http://link.springer.com/article/10.1007/s12671-014-0382-3/fulltext.html

*Monteiro, L. J., Musten, R. F., & Compson, J. (2015). Traditional and contemporary mindfulness: finding the middle path in the tangle of concerns. Mindfulness, 6, 1–13.

Worthy panel discusses the problems of secular mindfulness

Last week, Eric Rea featured a panel discussion on the secular implementation of mindfulness on his BBC radio show. His guests were Christopher Titmuss Buddhist teacher and founder of Gaia House, Chris Cullen mindfulness teacher and psychotherapist at Oxford Mindfulness Center, and Rebecca Crane founder of the Center for Mindfulness Research and Practice at Bangor University. Eric’s questions were challenging and intelligent. I urge you all to listen to the entire 30 minute show.

Below are some highlights:

ER: How would you define mindfulness?

Christopher Titmuss: “To be conscious of what is unfolding and revealing itself, a sense of one’s inner life and outer life; an intimacy and closeness with the ordinary and everyday… I wouldn’t like to emphasize mindfulness exclusively. In Buddhism, mindfulness must contribute to inquiry, understanding of causes and conditions. A healthy right mindfulness contributes to harmony and well-being. Unhealthy mindfulness, for instance a thief is very mindful while burglarizing, but what an unhealthy intention for applying mindfulness.”

Chris Cullen: “The practice of present moment awareness is really what mindfulness is about… We live so much of our lives pre-living and reliving our experience, and mindfulness is an invitation to come back out of the cinema of the mind and its thoughts and be here now. Anyone can do this and taste the benefits of it.”

Rebecca Crane: “Mindfulness releases us from suffering moment-to-moment. I can be unhooked from patterns that might give rise to shame and bring myself back to the immediacy of experience.”

Notice the remarkable difference between the profound definition of a Buddhist teacher and the one-dimensional response of the secular mindfulness teachers who seem focused on the prophylactic effect of ‘present moment awareness’ as a method for symptom reduction. As a clinician and Buddhist teacher I favor Christopher Titmuss’ response because it represents a deepened-in relationship with mindful attending, which merges inquiry, insight and ethical, compassionate responsiveness to actual experience.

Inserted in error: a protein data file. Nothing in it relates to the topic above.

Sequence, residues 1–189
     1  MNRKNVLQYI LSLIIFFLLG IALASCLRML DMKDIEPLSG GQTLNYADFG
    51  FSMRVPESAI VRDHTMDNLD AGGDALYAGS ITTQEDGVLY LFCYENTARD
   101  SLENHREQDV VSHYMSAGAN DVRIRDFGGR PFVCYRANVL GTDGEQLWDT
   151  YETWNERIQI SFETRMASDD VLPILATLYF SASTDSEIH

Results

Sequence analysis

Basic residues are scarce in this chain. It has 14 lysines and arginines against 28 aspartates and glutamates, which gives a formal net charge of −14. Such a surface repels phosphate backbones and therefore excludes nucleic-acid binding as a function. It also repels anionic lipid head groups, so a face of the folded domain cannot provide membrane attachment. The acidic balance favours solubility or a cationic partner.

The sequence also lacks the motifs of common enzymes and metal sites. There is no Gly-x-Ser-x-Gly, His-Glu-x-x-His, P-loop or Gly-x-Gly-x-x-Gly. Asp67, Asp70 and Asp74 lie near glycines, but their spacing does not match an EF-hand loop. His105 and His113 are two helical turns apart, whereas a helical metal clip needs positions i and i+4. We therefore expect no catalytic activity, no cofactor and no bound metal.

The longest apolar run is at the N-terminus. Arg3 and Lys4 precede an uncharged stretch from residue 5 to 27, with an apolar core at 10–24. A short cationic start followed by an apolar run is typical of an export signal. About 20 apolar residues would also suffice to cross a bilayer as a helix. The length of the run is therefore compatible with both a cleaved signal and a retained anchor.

ER: What is the difference between meditation and mindfulness?

RC: “Meditation is the method of cultivating mindfulness and mindfulness is the process.”

CC: “Since 2013 eighty-five members of the British Parliament (MP’s) have taken an 8-week mindfulness course to reduce their stress.”

CT: I have some concern about these courses, which at the present time do not include any exploration into the main sources of major stress like war, environmental degradation, or tensions that exist between people and nation states. We are at an early stage in delivering mindfulness practice and it will take courage and conviction by those who offer mindfulness in this context to go deeper and awaken the MP’s.”

CC: “In secular mindfulness courses ethics is implicit rather than explicit, there is a sense as people deepen in mindfulness practice they do wake up to how we live and the consequences of the pressures on society.”

RC: “The way we pay attention with ethics in our mindfulness courses is to train teachers well. We have a huge emphasis on having teachers work with their own experience, their own mindfulness practice and ethical process. These courses should not be attached to any particular tradition.”

CT: “Bravo for the medical use of mindfulness to treat depression, chronic pain, etc. But when we talk about delivering mindfulness in political and corporate world where issues of corruption, violence, exploitation—all of that has to be offered in the context of a dialogue about people of privilege and power developing compassion.”

CC: “If it is not ethical and it is not about a paradigm shift away from greed, hatred and delusion, then it is not mindfulness. Mindfulness is radical and it changes lives if it is practiced properly.”

I will write more on the subject of the supposed ‘implicit ethics’ of mindfulness in my next post.